Bottom Line: And speaking of bottom line, thanks to "hange for the sake of change," I am now in the market for a new grocery store, a new internet-and-cable service provider, and (eventually) another brand of petroleum jelly.

  • My loyalty to the store would never have been in play without this unnecessary and (for me) unwelcome change - relocating all of the products to "enhance consumer experience."
  • The cable company, by short-cutting their support services, has me actively looking for a replacement - and there are several companies in this market who are eager to offer me a new way of getting cable and the Internet, presumably with better customer service tech support.
  • As for the lip-balm, I was perfectly satisfied with the "old" product, but (except online) I can no longer find it anywhere, and I'm not wild about its replacement. The loyalty is gone, and I'm now trying other manufacturers' products, as long as it's petroleum jelly-based and sold in a tube. So long, lip balm.

In each case, loyalty would not have been "in play" if the companies involved had not tried to create change for the sake of change.

For every marketing rule, there is always an exception, and when it comes to the loyalty-eroding aspect of change, that exception revolves around a product or service monopoly. This can be found most dramatically in the area of computer operating systems.

There are essentially just two OS providers, and each has a virtual monopoly on its share of the market. In part, this is because the two systems are so different that even dissatisfied customers refuse to switch brands. This occurs even in the face of dramatic changes to the operating systems, which seem to take place with metronome regularity, and which seem to embrace the idea of "sake for the sake of change."

However, unless your company has a monopolistic (or, as in the case of operating systems, "virtually monopolistic") relationship with your consumers, the lessons presented here about change for the sake of change still apply.

The Risk of Change Change - especially change for the sake of change - has several specific and predictable negative impacts on loyalty.

First, a change that levels the playing field will cause consumers to reconsider their personal loyalty; those who do will then go looking for other products, services or retailers.

Second, a material change in a product or service is going to lose those customers who either valued the previous design, or who just do not welcome the new design. In some cases, the change can be so different that loyal customers will completely miss the new-design/new-formulation product on a crowded store shelf.

Finally, a material change that downgrades the consumer's experience - including a "hidden" downgrade of customer tech support - will encourage previously-loyal customers to look elsewhere. Not because the playing field has been leveled, but because the quality of the goods or services have decreased, without a compensating drop in ongoing costs.

These three lessons, learned at the expense of three different corporations, cost them, in just my case:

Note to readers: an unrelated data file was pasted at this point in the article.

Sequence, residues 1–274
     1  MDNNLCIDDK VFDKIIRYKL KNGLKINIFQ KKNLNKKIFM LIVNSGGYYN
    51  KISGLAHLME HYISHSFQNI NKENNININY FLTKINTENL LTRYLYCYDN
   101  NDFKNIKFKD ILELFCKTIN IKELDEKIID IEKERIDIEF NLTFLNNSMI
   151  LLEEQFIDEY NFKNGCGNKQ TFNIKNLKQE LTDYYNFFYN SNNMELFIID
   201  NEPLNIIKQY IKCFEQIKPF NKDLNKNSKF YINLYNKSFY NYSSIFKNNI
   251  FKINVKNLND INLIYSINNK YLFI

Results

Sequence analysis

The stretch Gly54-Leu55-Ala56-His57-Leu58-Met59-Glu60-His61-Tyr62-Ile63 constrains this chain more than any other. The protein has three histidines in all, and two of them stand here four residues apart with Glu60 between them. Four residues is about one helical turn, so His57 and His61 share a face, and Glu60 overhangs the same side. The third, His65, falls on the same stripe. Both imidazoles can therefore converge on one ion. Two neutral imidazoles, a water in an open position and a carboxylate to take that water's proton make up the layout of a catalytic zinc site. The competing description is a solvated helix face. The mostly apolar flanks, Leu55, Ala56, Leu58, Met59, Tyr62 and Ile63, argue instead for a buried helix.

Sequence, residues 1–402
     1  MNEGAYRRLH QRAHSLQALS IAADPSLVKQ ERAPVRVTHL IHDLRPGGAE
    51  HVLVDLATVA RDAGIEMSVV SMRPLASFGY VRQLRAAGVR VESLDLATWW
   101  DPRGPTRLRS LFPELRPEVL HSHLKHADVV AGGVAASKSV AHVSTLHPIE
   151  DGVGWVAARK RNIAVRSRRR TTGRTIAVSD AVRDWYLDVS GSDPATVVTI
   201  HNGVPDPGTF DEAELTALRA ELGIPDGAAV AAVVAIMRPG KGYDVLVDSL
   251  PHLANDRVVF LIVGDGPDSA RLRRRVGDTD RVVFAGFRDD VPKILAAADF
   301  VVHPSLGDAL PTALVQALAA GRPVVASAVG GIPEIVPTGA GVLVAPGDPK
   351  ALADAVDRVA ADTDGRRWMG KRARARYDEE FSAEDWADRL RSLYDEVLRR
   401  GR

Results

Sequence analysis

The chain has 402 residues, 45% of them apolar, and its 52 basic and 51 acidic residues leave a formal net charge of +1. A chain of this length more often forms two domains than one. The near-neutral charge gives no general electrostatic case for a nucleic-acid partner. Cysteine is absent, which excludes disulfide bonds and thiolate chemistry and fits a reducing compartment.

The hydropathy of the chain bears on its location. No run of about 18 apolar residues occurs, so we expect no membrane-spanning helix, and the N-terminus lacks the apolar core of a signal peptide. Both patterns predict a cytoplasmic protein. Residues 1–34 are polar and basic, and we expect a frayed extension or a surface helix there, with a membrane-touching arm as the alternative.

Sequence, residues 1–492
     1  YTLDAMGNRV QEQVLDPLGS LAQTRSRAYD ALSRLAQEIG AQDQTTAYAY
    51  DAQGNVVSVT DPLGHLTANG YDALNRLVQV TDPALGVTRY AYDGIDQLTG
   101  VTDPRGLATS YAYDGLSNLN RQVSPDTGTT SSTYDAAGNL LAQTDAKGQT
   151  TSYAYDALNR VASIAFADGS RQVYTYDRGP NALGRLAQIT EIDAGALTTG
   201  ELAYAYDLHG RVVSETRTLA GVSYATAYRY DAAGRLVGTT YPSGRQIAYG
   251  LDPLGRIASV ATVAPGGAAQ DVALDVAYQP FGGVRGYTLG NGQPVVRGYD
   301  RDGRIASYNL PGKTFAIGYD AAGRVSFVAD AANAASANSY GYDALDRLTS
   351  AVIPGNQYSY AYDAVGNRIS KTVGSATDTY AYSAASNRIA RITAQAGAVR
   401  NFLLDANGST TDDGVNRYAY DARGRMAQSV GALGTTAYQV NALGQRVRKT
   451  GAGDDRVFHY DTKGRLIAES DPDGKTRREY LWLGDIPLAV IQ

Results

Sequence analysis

• $10,400+ per year in grocery sales
  • $25+ per year in lip balm sales
  • $2,200+ per year in internet/cable sales

Multiply those numbers by the tens or hundreds of thousands of customers who've found the reasons for their product, service or store loyalty have been tossed into a cocked hat and you begin to see the real cost of change for the sake of change.

These three examples highlight the risks of change for the sake of change (or even of change in general).

  • When I lost my bearings in the grocery store, I no longer had a reason to maintain my loyalty. The "hange" this firm instituted might also result in my "hange" to a competitor's store.
  • The change in the quality of customer support has me actively looking for another cable/internet provider - after 17 years and $40k+ of loyalty - for a service provider that will provide me with acceptable customer service.
  • The "hange" to the lip balm was actually two changes, to the packaging and to the product composition. Neither of these reflected respect for my near-25-year loyalty to their product, and I am already have me scrambling for an alternative product. For them, "hange" means "we've just lost a long-term client, probably forever."

Beneficial Change: However, not all change is bad. Many times, the right change at the right time can either grow your market share or road-block competitive moves to erode your market share. For example:

  • Necessary change is good - if the government says "hange your formulation," complying with that mandate is both necessary and good.
  • Change that adds to the product/service mix (without robbing loyal customers of their "old" choices," if they prefer) - such as those for which McDonalds' is so famous - can also be very good.
  • Changes that dramatically reshape the market (by offering a product or service vastly superior to anything on the market) can be a game-changer, and very much to the good.

So marketers beware - change for the sake of change will cost you customers and revenues you don't need to lose.

Instead of eliminating one product package (and formulation), continue to offer both in a bid to grow market share without losing loyalty.

Instead of redesigning a store's layout all at once, do it incrementally over time, with helpful supplemental shelf signage to direct consumers to the new locations of their favorite products, even while extolling the benefits of this slow-but-steady transformation.

However, there is no either-or for dramatically downgrading customer tech support. Short-term, this will save money on staffing costs. Long term, however, and the word will get out. Customers will migrate to other providers who offer better support, often at a lower cost as well.

Change is good, when done right. When done wrong, change is still good ... but only for your competitors.